DENVER—As the armed occupation of the Malheur National Wildlife Refuge draws to a close, the Center for Western Priorities released the following statement from Executive Director Jennifer Rokala:
“For the last few years, the campaign to seize and sell our American lands has been hiding under the guise of politicians in suits and ties. But the armed militants at the Malheur refuge have exposed it for what it truly is: a fringe movement driven by radical anti-government extremists who will stop at virtually nothing to steal our public lands. The occupiers have given the cause a black eye and from now on, anyone who attempts to seize or sell our American lands will be tarnished with the brand of Ammon and Cliven Bundy.”
“While any loss of life is deeply regrettable, we applaud federal, state, and local law enforcement for their efforts to minimize violence in diffusing what was an incredibly dangerous situation. As the situation winds down, we’re hopeful that the last four militants will leave peacefully so that the dedicated women and men who care for the wildlife refuge on behalf of the American people can get back to work.”
As the criminal justice system works to hold the leaders of the refuge takeover accountable, here are key facts for reporters following the story:
1) The land seizure movement is not over
While Ammon Bundy and the militants who took the refuge are behind bars, the political leaders of the broader land seizure movement continue to espouse the extremist agenda that led Bundy and his armed compatriots to Oregon in the first place:
The American Lands Council, the leading voice of the Bundy land seizure agenda, is now headed up by Montana State Senator Jennifer Fielder, who has ties to the Militia of Montana, which is run by white supremacists.
Utah State Representative Ken Ivory, the outgoing ALC president, is now working for a nonprofit called Federalism in Action, formerly known as State Budget Solutions, a group supported by the Koch brothers. One of its key programs is taking over American lands.
Utah State Representative Mike Noel, the primary sponsor of American Lands Council bills in the Utah legislature, was described by the Salt Lake Tribune as a “close friend” of Shawna Cox, one of the co-conspirators charged in the refuge takeover.
Nevada Assemblywoman Michele Fiore, who swore the oath of the Oath Keepers militia, provided support to the Bundy militants in Oregon by sending food to the wildlife refuge, then spread false accusations about the circumstances leading to the death of LaVoy Finicum. Last year, a bill sponsored by Fiore to turn Nevada’s public lands over to the state was publicly supported by the Bundy family.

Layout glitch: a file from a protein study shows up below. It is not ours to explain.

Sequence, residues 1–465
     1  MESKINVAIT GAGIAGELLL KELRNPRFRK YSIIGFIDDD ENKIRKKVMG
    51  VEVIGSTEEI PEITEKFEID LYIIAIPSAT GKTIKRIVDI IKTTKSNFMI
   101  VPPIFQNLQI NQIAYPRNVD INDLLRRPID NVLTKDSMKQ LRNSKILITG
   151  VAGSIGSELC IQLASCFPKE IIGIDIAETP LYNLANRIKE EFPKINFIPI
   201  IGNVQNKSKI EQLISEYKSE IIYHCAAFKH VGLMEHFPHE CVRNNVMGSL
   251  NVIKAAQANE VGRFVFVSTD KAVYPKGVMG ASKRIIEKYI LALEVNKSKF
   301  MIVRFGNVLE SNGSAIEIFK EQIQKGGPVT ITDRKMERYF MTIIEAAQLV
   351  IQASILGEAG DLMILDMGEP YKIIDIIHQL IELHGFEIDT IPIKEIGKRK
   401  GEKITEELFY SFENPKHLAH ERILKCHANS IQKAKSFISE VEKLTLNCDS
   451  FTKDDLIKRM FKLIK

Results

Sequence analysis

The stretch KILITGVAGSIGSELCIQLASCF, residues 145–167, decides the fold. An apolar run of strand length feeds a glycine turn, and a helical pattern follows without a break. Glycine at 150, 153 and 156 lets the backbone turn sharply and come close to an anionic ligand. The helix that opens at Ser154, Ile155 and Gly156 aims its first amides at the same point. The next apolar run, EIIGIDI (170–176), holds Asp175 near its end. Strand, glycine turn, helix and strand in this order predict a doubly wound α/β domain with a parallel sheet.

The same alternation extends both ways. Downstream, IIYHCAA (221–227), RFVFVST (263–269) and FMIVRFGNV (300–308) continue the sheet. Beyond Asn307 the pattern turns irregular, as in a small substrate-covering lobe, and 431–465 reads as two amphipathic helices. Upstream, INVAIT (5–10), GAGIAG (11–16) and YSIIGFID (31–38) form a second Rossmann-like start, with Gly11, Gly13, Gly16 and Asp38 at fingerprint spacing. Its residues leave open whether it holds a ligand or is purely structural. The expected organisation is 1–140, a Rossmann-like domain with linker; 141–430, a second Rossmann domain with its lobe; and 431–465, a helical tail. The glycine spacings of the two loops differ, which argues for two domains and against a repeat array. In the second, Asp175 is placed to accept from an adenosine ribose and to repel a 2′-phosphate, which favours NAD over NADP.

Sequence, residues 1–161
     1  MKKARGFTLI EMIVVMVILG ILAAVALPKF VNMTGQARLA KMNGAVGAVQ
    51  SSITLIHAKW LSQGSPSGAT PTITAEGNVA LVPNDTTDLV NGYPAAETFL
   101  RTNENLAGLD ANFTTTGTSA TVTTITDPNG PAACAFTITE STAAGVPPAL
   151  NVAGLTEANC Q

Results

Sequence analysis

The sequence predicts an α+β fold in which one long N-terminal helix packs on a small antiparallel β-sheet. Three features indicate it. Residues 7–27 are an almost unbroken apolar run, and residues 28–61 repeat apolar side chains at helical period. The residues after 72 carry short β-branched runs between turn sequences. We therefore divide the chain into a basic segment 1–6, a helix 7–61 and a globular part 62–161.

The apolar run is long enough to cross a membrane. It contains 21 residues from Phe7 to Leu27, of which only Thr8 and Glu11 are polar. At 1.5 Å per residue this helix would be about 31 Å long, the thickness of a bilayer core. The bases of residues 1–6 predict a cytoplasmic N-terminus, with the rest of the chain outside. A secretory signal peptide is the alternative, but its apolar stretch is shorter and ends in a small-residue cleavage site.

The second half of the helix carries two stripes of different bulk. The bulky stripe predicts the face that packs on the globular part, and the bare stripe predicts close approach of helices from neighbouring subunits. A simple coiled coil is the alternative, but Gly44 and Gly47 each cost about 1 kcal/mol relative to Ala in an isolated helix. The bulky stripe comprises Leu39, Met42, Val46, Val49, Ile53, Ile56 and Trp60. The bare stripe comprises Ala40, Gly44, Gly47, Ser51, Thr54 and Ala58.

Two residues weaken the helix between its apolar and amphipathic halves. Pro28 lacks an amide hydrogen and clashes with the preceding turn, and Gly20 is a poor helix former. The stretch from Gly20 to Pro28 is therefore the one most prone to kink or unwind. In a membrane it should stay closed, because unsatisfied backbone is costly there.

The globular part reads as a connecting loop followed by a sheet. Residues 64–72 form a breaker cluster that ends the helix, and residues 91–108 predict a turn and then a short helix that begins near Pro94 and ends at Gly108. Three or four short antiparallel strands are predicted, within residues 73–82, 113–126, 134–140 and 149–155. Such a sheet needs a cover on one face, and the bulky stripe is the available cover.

In 2015, a total of 37 land seizure bills were introduced in 11 state legislatures. Just one month into 2016, there are already bills in state legislatures from Arizona to Alaska and in Congress that attempt to turn the Bundy land seizure agenda into law.
2) The Bundys’ perceived grievances are not shared by most Westerners
Despite the Bundy family’s attempt to recruit more ranchers to stop paying grazing fees to taxpayers, the reality is that almost all of the 16,000 ranchers on national lands are responsible business owners who pay their grazing fees.
What’s more, public opinion research shows that voters across the West are strongly opposed to efforts to turn American lands over to the states or private owners and approve of the job agencies like the Bureau of Land Management and Fish and Wildlife Service do in managing those lands.
The Bundy occupation has only served as a wakeup call to Americans who value their public lands. As the Seattle Times editorialized, the standoff has “outraged and mobilized the vast majority of Westerners who cherish and celebrate America’s public lands.”
3) Disputes over land management will continue to be solved in collaborative ways
One of the biggest ironies of the Bundy land seizure is that Harney County is home to one of the best examples of collaborative land management, the High Desert Partnership. Refuge managers began working with the group in 2008, leading to a landmark 15-year plan that brought together ranchers, conservation groups, and the Burns Paiute tribe, giving local stakeholders control over the day-to-day decision-making in and around the refuge.
This success story is a model for rural communities across the nation, demonstrating how listening, collaboration, and partnership can succeed where vitriol and threats fail.
4) The Bundys don’t have a legal leg to stand on
The Bundys plan to use Article I, Section 8, Clause 17 of the Constitution as part of their legal strategy, which they misread as putting “limits on federal property ownership.”
Fortunately, this issue has already been thoroughly litigated; in Kleppe v. New Mexico, the Supreme Court ruled unanimously that the property clause of the Constitution grants Congress and the U.S. government “complete power” over national public lands.
If Ammon Bundy wanted a constructive conversation about the Constitution and the benefits of American public lands, stealing a bird sanctuary and leading a dangerous armed confrontation was certainly not the way to do it.